But here’s another wrinkle R. Hoffman introduces:

I learn Torah every day because it connects me with the millions of other Jews worldwide who also learn Torah every day.

That works if you are a religious Jew, but not so much for we non-Jews, even Noahides, I suspect. After all, how Torah applies to the Ger is remarkably different from how it applies to the Jew, at least in the details, although keep in mind that I also previously mentioned a private Jewish school in Utah that teaches Jewish values to a student body made up of 75% non-Jews.

And that’s one of the reasons, maybe one of my top reasons, for studying the Torah as I understand it. To seek a common ground where I as a non-Jew can stand and learn who God is and who I am to Him through a Jewish lens.

But I craft that “lens” to fit more my particular “eyesight” requirements, since I’m not a Jew and I consider myself more than a Noahide.

The one advantage I have is that I stand outside of actual, face-to-face Jewish or Christian community. Neither one can have too strong a pull on me, although the Pastor at the church I attended for two years certainly tried as hard as he could to turn me into a good Baptist.

But since, as I’ve admitted, I find Jewish thought more appealing, I suppose if I were constantly exposed to Jewish community of the non-Messianic variety, I’d be putting myself at risk of being influenced to the point of challenging my faith. I don’t know if it would go that far, but why take the chance?

That may be why so many of us are unaffiliated, although there are plenty of other reasons.

Laying TefillinIf I study Torah as I understand it and don’t adopt the praxis of Judaism, I can’t be as strongly influenced to confuse Judaism with my identity and role as God created them for me. I also can’t be accused (as sometimes occurs) of misappropriating the things unique to the covenant relationship between Hashem and the Jewish people, such as Shabbat, Kosher, the prayers, donning a tallit gadol, or laying tefillin.

If you’re Jewish, then I say what’s yours is yours.

If I’m not Jewish and I don’t identify as a traditional Christian, all that’s left, assuming I retain my Yeshua-faith, is a journey to discover who I am uniquely in my relationship with my Rav.

If you confuse that with either Judaism or Christianity, you might already have lost your way.

Advertisements

Should Non-Jews Study the Torah?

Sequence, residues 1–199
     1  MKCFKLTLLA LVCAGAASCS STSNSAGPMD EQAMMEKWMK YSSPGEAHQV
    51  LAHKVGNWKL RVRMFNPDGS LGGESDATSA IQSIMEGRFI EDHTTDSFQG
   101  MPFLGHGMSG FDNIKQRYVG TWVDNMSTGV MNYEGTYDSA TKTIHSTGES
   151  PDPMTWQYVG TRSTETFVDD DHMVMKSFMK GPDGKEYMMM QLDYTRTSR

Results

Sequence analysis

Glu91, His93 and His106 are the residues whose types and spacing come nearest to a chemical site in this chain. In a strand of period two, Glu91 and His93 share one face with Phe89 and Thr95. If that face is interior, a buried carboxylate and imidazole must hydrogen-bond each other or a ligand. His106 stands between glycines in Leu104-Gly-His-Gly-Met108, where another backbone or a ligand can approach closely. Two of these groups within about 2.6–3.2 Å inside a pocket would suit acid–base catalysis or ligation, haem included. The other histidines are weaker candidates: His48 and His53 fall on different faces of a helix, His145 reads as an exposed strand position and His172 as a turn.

“Therefore it is my judgment that we do not trouble those who are turning to God from among the Gentiles, but that we write to them that they abstain from things contaminated by idols and from fornication and from what is strangled and from blood. For Moses from ancient generations has in every city those who preach him, since he is read in the synagogues every Sabbath.”

Acts 15:19-21 (NASB)

So, should non-Jews who are “Judaicly aware” and seek to honor the centrality of Israel and the primacy of the Jewish people in Messiah study the Torah?

For most of you, the answer probably seems like a no-brainer. After all, the Torah, at least in one sense, is the first five books of the Bible, and Christians study the Bible every day.

On the other hand, should we study the Bible using Jewish, including Messianic Jewish, published materials?

Again, that might seem like a ridiculous question to most of you. After all, there are Messianic Jewish publishing groups that produce a vast amount of Torah study materials aimed right at the non-Jew. At least some of these works are designed to reach traditional Christians in their churches and illuminate them regarding the aforementioned centrality of Israel, and how King Messiah will come first to redeem Israel (and not “the Church”) and through Israel and the Jewish people, the people of the nations of the world.

But then we enter the “blurry” area of the status of a non-Jew within Jewish religious and community space through the use of Jewish produced (though some of it is written by non-Jews working for Jewish publishers) educational materials.